Certifying above grade

Extensive training is required to make sure each crewmember is qualified for his or her position, and the schooling is challenging. Plake explained that the courses at the U.S. Army Transportation School’s Maritime Training Department at Fort Eustis are the only military courses that lead directly to a civilian license to drive a vessel.

“We have to pay for the license, but we don’t need any additional training to receive it,” Plake said. “There are officers in the Coast Guard and the Navy who can’t even get those certifications without further training.”

Both watercraft operators and engineers are required to obtain certifications and licensing at each skill level. Certification is gained through academic instruction, whereas licensing is gained through unit training and Duty Performance Tests based on vessel-specific tasks.

“If you are a sergeant first class but are not certified to grade, I really can’t use you,” Smalls said. “So it’s really important to stay up on your certifications and to stay motivated, because every five years, your certifications go away. If you don’t have that certification, you are just a warm body that can’t be used.”

The Soldiers in the battalion often surpass the high expectations set for them. Several are even certified above grade, creating a unique dynamic aboard the vessel.

“For vessel units, if there is somebody who is more technically proficient, we acknowledge that and send them to school to be certified and licensed above grade,” Perdue said. “With that certification, he can serve at a higher grade, but only while on the vessel.”

For example, an E-4, who would normally certify at skill level 10, may certify at skill level 30.  That Soldier would be a specialist working as a staff sergeant, serving directly below his first mate.  He may even have an E-5 working below him who is certified at skill level 20. 

Though Soldiers who are certified above grade do not wear anything different on their uniform, the crew knows who is working in which position, Perdue said. Crewmembers recognize that, because lives are at stake, it is important to give authority to the most capable individual.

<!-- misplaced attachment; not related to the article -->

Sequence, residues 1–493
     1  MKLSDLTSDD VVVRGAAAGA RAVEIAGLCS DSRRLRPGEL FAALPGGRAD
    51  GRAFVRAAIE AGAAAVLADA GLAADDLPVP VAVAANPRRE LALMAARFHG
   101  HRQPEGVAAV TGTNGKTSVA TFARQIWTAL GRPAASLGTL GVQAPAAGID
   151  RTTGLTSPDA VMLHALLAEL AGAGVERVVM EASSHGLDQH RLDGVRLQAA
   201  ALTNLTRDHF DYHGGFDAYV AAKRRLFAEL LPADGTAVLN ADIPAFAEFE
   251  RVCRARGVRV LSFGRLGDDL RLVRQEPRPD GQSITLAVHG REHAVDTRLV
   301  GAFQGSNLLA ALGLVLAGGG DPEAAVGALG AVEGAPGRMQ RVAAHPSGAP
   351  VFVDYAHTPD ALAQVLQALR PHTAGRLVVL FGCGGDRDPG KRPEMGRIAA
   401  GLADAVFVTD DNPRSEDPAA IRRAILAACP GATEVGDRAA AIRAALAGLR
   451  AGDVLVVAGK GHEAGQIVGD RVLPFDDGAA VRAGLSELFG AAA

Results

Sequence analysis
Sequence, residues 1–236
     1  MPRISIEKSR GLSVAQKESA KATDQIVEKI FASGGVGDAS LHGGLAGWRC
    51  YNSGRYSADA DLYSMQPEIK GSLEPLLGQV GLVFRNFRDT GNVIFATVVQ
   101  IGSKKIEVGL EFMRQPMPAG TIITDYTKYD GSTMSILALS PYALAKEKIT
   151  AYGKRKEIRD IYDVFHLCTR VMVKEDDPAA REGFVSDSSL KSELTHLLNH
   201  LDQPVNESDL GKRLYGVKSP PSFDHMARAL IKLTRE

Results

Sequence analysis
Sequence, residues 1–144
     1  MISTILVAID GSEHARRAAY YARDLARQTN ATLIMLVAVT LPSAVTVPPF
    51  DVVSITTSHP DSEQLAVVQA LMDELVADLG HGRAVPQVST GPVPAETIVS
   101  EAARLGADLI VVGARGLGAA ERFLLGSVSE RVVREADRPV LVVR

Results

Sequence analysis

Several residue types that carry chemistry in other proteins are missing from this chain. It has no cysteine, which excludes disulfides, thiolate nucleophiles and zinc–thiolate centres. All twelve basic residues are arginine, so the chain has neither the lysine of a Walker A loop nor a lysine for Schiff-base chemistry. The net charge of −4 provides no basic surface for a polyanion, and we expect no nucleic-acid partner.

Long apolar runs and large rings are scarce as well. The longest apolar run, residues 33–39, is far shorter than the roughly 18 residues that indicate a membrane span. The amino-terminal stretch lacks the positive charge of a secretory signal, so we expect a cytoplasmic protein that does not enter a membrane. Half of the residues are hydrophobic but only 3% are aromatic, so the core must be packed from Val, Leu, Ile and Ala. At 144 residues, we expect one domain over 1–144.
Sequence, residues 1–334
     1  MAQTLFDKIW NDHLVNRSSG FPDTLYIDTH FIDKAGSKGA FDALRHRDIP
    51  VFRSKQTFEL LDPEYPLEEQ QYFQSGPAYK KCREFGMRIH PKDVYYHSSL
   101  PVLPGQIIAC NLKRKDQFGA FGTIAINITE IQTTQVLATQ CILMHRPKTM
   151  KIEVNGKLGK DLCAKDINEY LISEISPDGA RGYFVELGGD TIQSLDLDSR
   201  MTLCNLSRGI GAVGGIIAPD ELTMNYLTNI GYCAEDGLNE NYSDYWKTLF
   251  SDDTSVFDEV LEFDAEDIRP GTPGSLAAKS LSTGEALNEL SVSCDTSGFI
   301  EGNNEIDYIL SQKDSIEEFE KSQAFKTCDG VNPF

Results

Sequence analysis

“In the Army, we all know rank is very important,” Plank said. “Could a specialist tell a sergeant certain things? No. But when it comes to operating that vessel, that [skill level] 30 is in charge of that [skill level] 20. In my experience, it puts some stresses in there. But in the end, the mission is accomplished, and no disrespect or hard feelings are ever shared.”

Leading the experts

Despite working on water instead of land, being an NCO in the Army watercraft field is like being an NCO anywhere else, Smalls said.

“You enforce standards and discipline,” he said. “You lead from the front, making sure Soldiers are doing the right thing. You make sure Soldiers are trained and held accountable for their actions. You make sure the families and the Soldiers both stay resilient.”

Perdue explained that, as a first sergeant, his job is to take care of his Soldiers and manage the company, attending to the things his Soldiers shouldn’t have to worry about because they are busy on the vessels. He said that, even though his role in the organization does not require him to be an expert in watercraft operation or maintenance, he must learn about his Soldiers’ jobs in order to understand the issues they face and take care of their welfare.

“It tends to get a little bit tedious when I get on the vessel and they’re like, ‘What are you doing?’ They have to explain things to me, and they are not used to that,” said Perdue, who spent the majority of his career as an 88M motor transport operator. “But how could I proficiently take care of my Soldiers if I don’t understand the importance of their jobs and what they do out here?”

With every word, the NCOs expressed pride in their Soldiers and in their units’ capabilities. They know they are leading younger Soldiers in a job that truly makes a difference in the Army.

 “When you see all the pieces come together, it’s thrilling to know that I’m a part of this,” Plank said. “A lot of things couldn’t happen without our Soldiers and our boats. It’s pretty cool.”